Rage Against The Machine

Class Dunce Passes Fed’s Stress Test

The most important thing to understand about the Federal Reserve’s latest stress tests is what they were not intended to do. Their purpose wasn’t to test whether the nation’s biggest banks could survive a financial blowup like that of 2008 without government assistance.

Rather, the Fed designed its tests to measure the effects a hypothetical crisis would have on banks’ regulatory capital. Capital is the financial cushion a company has available to absorb future losses. While the Fed would like for us to believe that regulatory capital is the same thing, it’s quite different. And too often it bears little resemblance to reality.
That’s why the results of the Fed’s “comprehensive capital analysis” are more about public relations and manufacturing confidence than they are about disseminating reliable information on banks’ health.

How stressful were the Fed’s tests? One anecdote stands apart: Regions Financial Corp. (RF), which still hasn’t paid back its bailout money from the Troubled Asset Relief Program, passed.

The footnotes to the company’s latest financial statements tell the story. There, the Birmingham, Alabama-based lender disclosed that the loans on its books were worth $8.1 billion less than what its balance sheet said, as of Dec. 31. By comparison, the company’s tangible common equity, a bare-bones measure of net worth, was $7.6 billion.

My view:

I continue to be amazed at the schemes the Feds come up with to pretend most, if not all, the banks are in good shape and reassure a jittery investing public that "all is well".

From this article one can plainly see that allowing a bank with negative net worth to pass a stress test is beyond ridiculous, it is simply obscene.

All is not well, all is hell!

Truly this is a confidence game that even Bernie Madoff would envy.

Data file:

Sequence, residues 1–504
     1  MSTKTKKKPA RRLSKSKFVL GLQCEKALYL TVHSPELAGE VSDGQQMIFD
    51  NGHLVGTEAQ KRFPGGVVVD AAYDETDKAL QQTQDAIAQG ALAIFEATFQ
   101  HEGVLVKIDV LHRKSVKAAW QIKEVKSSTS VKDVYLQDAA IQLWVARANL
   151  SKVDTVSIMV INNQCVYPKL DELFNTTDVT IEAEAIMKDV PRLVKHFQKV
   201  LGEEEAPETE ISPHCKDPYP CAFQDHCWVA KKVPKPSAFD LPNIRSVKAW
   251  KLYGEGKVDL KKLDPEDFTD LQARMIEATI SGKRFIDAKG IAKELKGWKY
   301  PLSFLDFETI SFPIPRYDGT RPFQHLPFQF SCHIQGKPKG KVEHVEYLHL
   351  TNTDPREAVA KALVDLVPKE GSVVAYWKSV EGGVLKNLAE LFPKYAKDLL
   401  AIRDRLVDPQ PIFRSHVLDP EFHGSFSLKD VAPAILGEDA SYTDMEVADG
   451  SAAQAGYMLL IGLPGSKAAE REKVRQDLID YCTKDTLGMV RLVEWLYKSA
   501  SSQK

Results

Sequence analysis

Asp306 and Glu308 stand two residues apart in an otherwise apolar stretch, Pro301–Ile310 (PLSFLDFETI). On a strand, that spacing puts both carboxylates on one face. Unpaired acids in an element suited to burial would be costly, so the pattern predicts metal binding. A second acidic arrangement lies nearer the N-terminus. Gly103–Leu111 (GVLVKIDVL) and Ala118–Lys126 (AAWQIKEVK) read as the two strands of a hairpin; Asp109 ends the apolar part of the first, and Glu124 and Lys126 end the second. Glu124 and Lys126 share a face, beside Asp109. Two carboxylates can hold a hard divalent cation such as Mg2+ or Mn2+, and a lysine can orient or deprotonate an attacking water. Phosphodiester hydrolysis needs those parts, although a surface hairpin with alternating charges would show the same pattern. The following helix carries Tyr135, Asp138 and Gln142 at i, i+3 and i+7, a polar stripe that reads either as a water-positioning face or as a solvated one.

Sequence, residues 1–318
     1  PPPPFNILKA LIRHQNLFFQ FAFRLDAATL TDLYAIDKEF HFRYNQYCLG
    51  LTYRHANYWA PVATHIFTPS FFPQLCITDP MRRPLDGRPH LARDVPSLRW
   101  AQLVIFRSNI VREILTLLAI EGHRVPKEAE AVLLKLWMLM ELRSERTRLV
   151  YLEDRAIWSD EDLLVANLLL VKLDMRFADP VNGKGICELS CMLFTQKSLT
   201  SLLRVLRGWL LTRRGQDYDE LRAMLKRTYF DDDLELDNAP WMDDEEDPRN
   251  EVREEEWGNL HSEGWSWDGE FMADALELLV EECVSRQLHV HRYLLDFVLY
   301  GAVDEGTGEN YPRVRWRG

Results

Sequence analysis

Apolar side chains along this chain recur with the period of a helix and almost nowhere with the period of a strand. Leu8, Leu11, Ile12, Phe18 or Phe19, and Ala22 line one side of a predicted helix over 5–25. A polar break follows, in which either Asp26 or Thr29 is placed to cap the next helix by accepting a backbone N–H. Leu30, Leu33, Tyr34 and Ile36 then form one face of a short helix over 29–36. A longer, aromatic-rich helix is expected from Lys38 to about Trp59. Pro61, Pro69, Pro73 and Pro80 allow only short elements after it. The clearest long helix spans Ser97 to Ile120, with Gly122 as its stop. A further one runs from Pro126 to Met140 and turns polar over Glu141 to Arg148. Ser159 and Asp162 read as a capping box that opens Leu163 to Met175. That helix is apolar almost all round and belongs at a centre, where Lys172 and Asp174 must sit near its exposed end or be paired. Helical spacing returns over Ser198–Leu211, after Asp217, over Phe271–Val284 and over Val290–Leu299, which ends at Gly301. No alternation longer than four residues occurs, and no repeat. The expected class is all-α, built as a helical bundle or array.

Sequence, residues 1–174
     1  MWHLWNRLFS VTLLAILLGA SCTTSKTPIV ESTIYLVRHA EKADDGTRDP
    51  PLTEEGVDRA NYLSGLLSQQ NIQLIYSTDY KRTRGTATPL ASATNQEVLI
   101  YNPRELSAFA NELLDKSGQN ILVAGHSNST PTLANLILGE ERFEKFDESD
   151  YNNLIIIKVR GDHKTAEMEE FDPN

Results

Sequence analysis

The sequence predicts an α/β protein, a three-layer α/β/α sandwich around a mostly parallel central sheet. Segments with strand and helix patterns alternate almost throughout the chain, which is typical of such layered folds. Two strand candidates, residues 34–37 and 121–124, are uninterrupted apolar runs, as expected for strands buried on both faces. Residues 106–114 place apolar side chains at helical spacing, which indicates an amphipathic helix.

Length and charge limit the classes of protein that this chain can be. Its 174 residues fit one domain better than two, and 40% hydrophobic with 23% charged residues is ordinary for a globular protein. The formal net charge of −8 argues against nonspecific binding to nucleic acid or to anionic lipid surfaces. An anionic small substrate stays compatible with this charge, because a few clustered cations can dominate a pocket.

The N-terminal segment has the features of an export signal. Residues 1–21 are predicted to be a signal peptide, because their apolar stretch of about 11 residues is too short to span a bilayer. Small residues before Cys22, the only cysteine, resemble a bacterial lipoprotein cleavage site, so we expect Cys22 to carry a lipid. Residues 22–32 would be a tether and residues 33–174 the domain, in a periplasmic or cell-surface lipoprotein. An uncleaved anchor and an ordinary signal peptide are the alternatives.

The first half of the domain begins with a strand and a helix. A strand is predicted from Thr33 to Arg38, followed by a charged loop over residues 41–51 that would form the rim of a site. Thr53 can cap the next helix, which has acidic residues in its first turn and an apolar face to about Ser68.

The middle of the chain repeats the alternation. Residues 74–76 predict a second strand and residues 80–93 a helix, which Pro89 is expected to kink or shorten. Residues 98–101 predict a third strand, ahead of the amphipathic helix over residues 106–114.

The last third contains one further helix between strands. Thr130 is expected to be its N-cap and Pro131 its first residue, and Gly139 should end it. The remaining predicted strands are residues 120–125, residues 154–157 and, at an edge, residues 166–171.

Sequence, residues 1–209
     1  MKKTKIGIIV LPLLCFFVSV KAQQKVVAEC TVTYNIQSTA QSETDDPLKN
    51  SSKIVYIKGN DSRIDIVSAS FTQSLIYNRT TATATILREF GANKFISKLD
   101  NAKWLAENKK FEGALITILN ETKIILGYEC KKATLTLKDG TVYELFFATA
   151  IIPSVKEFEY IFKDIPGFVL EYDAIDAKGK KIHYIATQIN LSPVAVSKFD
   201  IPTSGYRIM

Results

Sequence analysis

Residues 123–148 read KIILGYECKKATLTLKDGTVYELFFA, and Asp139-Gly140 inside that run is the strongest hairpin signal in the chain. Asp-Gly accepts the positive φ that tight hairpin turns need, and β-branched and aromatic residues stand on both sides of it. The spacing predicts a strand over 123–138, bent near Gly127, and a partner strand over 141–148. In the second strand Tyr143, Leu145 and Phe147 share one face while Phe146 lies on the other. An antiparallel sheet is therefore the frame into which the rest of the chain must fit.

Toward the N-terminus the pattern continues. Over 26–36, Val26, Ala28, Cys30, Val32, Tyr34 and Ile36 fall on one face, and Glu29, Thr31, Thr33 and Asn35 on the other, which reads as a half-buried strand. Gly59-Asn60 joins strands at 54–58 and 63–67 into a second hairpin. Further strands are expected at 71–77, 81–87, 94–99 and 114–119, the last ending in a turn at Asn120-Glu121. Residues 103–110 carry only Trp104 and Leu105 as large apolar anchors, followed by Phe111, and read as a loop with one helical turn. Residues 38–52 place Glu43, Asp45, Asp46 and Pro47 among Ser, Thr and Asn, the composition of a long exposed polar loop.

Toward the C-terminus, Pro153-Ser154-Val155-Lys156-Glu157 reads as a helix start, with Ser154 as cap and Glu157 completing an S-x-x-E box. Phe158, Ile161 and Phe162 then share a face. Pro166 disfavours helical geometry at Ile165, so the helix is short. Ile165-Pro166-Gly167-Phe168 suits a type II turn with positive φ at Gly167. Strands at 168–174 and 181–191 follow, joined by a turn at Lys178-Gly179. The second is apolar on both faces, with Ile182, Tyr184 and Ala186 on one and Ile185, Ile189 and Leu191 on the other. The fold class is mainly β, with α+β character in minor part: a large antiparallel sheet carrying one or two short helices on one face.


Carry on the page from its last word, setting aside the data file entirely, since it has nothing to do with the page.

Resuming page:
By telling the public, through the media, that all is well, the Feds simply set the public up for even larger losses later.

The key to understanding the financial system is to have some comprehension of the bond market.

As governments continue to rack up massive deficits and debts, it is critical for them to convince/deceive the bond market into believing that they are "good for the money" and to continually increase the supply of debt.

The day that the bond market becomes uncertain, or downright nervous, is the day the central bankers lose control.

This is where the public is truly deceived.

The general population believes our current problems lie with "greedy bankers" taking too many risks.

While bankers are indeed generally greedy, the primary problem does not lay at their feet.

They are acting as they have throughout history.

Much like wolves, who instinctively chase the weakest animals to catch and devour them, bankers feast on the weakest in society. They are doing what instinct dictates.

The true problem lies with government.

Were regulators aware there were problems in the housing market and with mortgage backed securities?


But nothing of significance was done.

Now we have a greater crisis in the making as sovereign debt approaches and surpasses the toxic limit.

Yet the Feds and Euro Feds and central bankers worldwide continue to feed the debt beast. The implicit guarantees to banks before the financial crisis have turned into explicit guarantees.

One day soon, we know not when, the bond market will wake up to this madness. This is why I am most interested to watch the results of Monday's CDS auction.

Historic CDS auction approaches

When it does, watch bond yields and interest rates skyrocket.

And the guilty Feds will blame the banks while taking no responsibility for their own complicity.

This is history's greatest Ponzi scheme, and its instigators will avoid responsibility at all cost.

This is the verdict: Light has come into the world, but men loved darkness instead of light because their deeds were evil.
         John 3:19 NIV